East Liverpool Historical Society

Interview with Dr. Herschel Rubin 7 August, 2012 at his home.



Dr. Herschel Rubin, 7 August, 2012.



In the beginning Dr. Rubin mostly talked about his own neighborhood. That would be pretty much from the corner of Monroe St and West 4th to Jefferson and West 4th street. We provided this map so that readers can follow along. Also, the house Dr. Rubin lives in is not shown on the map since it had not been built yet. However, the space is shown where it would be built in a couple years . This is from the 1923 Sanborn Fire Insurance Map.



Dr. Rubin: I was born in half of a double house. This side is 336 west fourth street. There was one family on each side. When I was 10 my folks built this house. That would've been in 1926.

Dr. Rubin's house, 336 West 4th Street.

And that house was remodeled into four apartments. When my wife and I were married, we moved into the upstairs apartment on the same side on which I was born so that what became our living room had been the bedroom in which I was born so I've only lived in two houses my whole life. Laughter. Not counting, I mean you know, in college and in the service I lived in various places but as a as a residence, well and then we just lived here and the house I was born in down the street. We moved in here when my folks moved to Cleveland, and that was when I was in the service and it was '43 or '44. My daughter moved over here then from that apartment over here. So, as I said, I've only lived in two houses in my whole life.

The yellow house with the American Flag to the right of the big brown house is the house Dr. Rubin is referring to. The address on the map would be 338 West 4th.

Web: You knew our famous actress?

Dr. Rubin: Who was that?

Web: Elaine Riley.

Tim Holt and Elaine Riley

Dr Rubin: Oh yes! She was the girl that everybody was drooling over when we. Hey, I better be careful what I say . We were probably in the same class or within a class, Oh yes. Was she related to you?

Web: No but we interviewed her about a year or so ago.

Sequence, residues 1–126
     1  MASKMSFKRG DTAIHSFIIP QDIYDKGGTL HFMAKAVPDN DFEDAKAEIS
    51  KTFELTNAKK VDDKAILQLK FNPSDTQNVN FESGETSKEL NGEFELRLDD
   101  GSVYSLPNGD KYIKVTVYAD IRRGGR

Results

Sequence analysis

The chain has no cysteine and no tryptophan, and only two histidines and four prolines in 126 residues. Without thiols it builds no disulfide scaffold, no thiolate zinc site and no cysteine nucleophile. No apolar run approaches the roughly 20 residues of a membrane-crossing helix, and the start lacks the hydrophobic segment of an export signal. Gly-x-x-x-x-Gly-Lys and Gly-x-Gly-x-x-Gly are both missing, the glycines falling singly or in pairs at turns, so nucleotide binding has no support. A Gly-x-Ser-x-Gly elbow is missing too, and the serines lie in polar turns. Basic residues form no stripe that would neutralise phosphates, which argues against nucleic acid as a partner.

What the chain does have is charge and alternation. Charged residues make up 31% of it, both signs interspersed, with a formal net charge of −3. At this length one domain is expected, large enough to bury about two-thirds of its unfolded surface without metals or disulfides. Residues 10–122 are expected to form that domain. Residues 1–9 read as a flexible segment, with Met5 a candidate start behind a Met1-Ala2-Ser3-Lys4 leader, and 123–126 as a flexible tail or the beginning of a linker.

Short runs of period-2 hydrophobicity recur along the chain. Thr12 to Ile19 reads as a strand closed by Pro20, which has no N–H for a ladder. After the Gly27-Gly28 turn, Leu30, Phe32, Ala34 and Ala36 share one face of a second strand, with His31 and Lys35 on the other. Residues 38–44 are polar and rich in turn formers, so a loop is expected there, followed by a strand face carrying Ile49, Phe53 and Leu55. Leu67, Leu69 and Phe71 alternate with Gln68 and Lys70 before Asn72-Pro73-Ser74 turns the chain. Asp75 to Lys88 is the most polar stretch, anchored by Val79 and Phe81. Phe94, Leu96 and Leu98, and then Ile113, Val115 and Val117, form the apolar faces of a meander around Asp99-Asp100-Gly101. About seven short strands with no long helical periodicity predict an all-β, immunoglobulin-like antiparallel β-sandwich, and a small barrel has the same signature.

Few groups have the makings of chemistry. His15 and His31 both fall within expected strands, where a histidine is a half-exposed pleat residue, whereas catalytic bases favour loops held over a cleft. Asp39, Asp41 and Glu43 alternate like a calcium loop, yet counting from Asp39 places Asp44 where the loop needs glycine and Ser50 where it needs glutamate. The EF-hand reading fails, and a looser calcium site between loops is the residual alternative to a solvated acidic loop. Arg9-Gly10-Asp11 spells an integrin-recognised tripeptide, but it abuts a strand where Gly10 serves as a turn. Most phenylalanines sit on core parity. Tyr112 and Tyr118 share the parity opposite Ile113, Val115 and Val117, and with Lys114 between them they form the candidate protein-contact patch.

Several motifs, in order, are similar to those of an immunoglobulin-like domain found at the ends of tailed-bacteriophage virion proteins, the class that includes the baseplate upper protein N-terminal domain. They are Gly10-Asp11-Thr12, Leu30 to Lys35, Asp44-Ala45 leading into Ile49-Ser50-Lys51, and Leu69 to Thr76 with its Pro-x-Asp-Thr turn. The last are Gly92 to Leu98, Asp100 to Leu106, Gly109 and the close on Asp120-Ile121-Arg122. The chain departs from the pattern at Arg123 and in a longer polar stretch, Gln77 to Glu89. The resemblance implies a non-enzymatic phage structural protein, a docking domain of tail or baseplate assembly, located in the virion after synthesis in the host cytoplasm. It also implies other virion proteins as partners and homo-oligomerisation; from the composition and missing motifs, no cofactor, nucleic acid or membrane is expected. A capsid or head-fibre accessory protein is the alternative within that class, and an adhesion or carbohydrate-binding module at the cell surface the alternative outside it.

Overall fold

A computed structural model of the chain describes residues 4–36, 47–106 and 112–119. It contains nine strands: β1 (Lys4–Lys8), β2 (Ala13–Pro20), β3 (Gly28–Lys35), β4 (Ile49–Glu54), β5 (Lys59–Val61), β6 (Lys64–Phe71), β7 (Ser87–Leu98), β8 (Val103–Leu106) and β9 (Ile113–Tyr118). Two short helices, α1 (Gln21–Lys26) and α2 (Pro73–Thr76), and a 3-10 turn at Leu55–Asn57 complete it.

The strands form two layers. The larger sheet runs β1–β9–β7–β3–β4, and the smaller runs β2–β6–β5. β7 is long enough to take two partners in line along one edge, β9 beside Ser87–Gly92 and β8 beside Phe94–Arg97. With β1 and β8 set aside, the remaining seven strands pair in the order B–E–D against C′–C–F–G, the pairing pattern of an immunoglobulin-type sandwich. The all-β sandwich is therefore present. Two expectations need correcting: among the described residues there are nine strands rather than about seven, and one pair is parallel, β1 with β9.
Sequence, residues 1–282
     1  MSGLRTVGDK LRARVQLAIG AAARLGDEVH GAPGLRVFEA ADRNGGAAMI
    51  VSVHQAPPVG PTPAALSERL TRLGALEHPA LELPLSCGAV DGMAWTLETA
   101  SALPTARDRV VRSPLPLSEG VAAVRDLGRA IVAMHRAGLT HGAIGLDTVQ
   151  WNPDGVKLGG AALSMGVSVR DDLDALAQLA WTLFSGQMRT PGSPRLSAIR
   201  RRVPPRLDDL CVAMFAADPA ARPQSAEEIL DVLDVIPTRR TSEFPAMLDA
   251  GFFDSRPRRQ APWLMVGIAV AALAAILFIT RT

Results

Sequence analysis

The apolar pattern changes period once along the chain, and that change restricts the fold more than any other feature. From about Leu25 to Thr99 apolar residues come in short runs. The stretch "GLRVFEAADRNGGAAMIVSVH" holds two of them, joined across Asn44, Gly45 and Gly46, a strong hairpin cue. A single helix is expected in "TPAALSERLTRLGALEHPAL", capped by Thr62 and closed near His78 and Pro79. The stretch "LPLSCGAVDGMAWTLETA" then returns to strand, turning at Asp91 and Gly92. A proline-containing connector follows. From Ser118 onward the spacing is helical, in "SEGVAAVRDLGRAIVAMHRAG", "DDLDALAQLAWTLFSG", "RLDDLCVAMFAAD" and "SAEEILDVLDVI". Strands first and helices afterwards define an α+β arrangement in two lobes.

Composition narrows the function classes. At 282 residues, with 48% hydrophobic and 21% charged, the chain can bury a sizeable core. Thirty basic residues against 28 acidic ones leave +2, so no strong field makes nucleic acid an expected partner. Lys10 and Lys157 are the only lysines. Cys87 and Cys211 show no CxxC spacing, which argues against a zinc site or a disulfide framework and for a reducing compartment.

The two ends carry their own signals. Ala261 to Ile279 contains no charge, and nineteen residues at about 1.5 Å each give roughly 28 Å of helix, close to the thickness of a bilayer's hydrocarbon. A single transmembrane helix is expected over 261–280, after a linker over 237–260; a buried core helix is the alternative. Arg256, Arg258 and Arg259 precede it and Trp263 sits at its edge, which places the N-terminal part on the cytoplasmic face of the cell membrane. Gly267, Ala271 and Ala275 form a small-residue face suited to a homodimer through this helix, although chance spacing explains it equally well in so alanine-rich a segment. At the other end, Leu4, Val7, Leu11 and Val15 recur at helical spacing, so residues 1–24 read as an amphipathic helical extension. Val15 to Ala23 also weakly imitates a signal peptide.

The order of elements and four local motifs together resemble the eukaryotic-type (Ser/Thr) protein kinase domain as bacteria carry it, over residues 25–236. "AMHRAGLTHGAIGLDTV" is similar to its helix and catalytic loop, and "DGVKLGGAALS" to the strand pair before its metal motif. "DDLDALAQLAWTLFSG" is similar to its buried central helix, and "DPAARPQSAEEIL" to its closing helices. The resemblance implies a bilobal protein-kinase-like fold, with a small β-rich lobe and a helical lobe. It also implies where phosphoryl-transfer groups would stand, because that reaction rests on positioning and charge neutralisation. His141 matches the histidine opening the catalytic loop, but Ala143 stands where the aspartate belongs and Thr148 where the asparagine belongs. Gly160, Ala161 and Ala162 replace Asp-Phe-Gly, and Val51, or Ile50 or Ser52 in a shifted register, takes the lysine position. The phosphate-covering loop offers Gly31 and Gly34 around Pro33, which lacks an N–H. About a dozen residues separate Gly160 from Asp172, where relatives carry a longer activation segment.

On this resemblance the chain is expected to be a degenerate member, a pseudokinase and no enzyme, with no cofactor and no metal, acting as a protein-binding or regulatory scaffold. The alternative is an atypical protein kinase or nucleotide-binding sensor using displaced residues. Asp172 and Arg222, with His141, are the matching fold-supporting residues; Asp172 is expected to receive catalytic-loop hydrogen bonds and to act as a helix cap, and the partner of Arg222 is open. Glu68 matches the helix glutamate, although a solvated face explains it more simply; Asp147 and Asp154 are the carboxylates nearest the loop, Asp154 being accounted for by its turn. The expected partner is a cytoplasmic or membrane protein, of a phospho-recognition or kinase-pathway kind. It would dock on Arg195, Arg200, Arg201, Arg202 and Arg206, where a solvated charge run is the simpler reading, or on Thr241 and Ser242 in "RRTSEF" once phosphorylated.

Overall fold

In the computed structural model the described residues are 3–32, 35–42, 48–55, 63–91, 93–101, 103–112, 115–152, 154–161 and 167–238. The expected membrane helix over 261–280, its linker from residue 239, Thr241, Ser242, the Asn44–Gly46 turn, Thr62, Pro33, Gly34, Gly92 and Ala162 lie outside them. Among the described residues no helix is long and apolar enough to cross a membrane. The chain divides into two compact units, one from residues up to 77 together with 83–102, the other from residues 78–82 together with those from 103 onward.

Dr. Rubin: Oh, is she still living? Is she my age? Older? Younger?

Web: She was 94 or 95 when wintervieweded her last year I think.

Dr. Rubin: Within a year or two. I was 96 in January. Ninety-six and three quarters I tell people now. I watch those fractions.

We went back and looked at the interview with Elaine. She graduated in 1934, Dr. Rubin graduated in 1933.

The neighborhood has changed, across the street, I know you can't see it, but the Monroe Apartments, they were there.

Monroe Apartments as they looked in the 1990's before the fire. They have since been torn down.

The house on the corner with the big pillars belongs to Caywood. The Caywoods live down there in the house on the corner of Fourth and Monroe.

The corner house with the big pillars.

Dr. Rubin: Now Carol Minto lives in that house. She's got some sort of a government job, I can't tell you what it is. But I know she lives down there by herself. Up, all the way up the street , there is nobody up there now, Some of the houses aren't there anymore.

Web: Back in the 50s and probably later the Metz lived two doors up from here.

Dr. Rubin: Yes.

The middle house is the house the Metz family lived in, 318 W 4th Street.

Web: Jack and Dolores Brown lived across the street about four doors up.

Dr. Rubin: oh yes, across the street, they were the third or fourth house up.

The dark brown house, fourth up is where the Brown family lived , 315 W. 4th Street.

Dr. Rubin: Mary Ruth Bebout lived in the second house from the corner. She was a schoolteacher did you know her?

Web: No, I knew Mrs. Poynter who lived in the Monroe Apartments.

Additional research on our part indicated that John Bebout lived at 321 W 4th and a Mrs. Lena Bebout lived at 321 1/2 W 4th Street.